Saturday, October 20, 2012

Norval Morrisseau - Extended until Nov. 20

There's been an overwhelming response to our current Norval Morrisseau retrospective, so much so that we have decided to extend the exhibition another month. On view until Nov. 20: An unprecedented number of original works from the '70s illustrated in the Sinclair/Pollock book, The Art of Norval Morrisseau (Methuen, 1979). A rare, incised birch bark scroll is of particular importance. Circa 1958-61, Thunderbird With Ancestral Motifs was part of the Imperial Oil Collection. The scroll was originally acquired from Jack Pollock in 1980. Norval Morrisseau is pictured above, at age 35, painting outdoors — which he enjoyed thoroughly — at Red Lake during August, 1966.
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2 comments:

  1. I haven't been too interested as of late with regard to the controversy of Morrisseau's artistic legacy, but the recent National post article is right on the money. The one thing that I do understand about Norval's art is that there is a huge issue with forgeries, and I know that the N.M.H.S. and KRG also understand this, no doubt about it. Norval Morrisseau himself showed me during my visits with him throughout 2005, 2006 and 2007.

    He showed me what they look like, he commented on them as being garbage, not his work, and asked me to help him. I've done all I can one would suppose. There are some other examples here who are trying to do the right thing by setting the record straight. KRG is one of them, I applaud you as an art institution for trying to correct the issues and for standing up for a man and his brilliant creative legacy in our Norval. Many have tried to paint you as being a non authority on Morrisseau, that portrait is false. I know first hand that KRG has the fortitude and courage to right all mistakes of the past. That takes strength in character, and I don't see anyone else doing what KRG has been doing when it comes to an institution like your gallery.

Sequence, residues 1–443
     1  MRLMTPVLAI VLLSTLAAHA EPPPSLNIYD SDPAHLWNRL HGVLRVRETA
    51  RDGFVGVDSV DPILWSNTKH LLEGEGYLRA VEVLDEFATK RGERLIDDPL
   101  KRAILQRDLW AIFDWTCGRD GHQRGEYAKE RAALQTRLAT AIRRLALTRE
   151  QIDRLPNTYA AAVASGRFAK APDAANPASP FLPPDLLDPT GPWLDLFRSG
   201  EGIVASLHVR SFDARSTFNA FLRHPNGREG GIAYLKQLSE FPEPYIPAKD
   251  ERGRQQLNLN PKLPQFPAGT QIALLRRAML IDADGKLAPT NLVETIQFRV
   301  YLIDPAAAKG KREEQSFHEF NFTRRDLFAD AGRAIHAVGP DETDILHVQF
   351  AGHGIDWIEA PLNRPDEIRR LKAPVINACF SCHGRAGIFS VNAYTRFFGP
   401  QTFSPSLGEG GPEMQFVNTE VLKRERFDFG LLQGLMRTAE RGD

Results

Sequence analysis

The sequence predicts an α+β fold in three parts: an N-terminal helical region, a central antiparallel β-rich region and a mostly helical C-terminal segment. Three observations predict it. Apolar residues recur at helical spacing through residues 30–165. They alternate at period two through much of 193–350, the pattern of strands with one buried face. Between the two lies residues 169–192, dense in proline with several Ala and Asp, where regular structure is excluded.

It's a disgrace to see the lies and deceptions going on out there about Morrisseau's artistic legacy. Its quite embarrassing to tell you the truth. Accountability and transparency are principles that are sometimes very difficult to find in the business world. When it comes to the integrity of preserving a legacy in such rich cultural heritage as it is quite obvious with Norval Morrisseau, I see KRG leading the way.

    Norval Morrisseau's art continues to inspire thousands of people. The least we can do is to help protect what was rightfully shared with the People of Canada. Not only is it a privilege to enjoy beautiful art, it is our duty as Canadian citizens to protect it.

    Thank you,

    MAJ

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  2. Thanks again for your encouraging words. Regarding the recent press, in particular, esteemed defence counsel cleverly omitted that Norval Morrisseau, himself, declared specific paintings to be forgeries in sworn statements several years before he died. And he was the first person to do so. Though Morrisseau suffered the ravages of Parkinson's, he did not have Alzheimer's. Make no mistake, Morrisseau knew exactly which paintings he created and which ones he did not.

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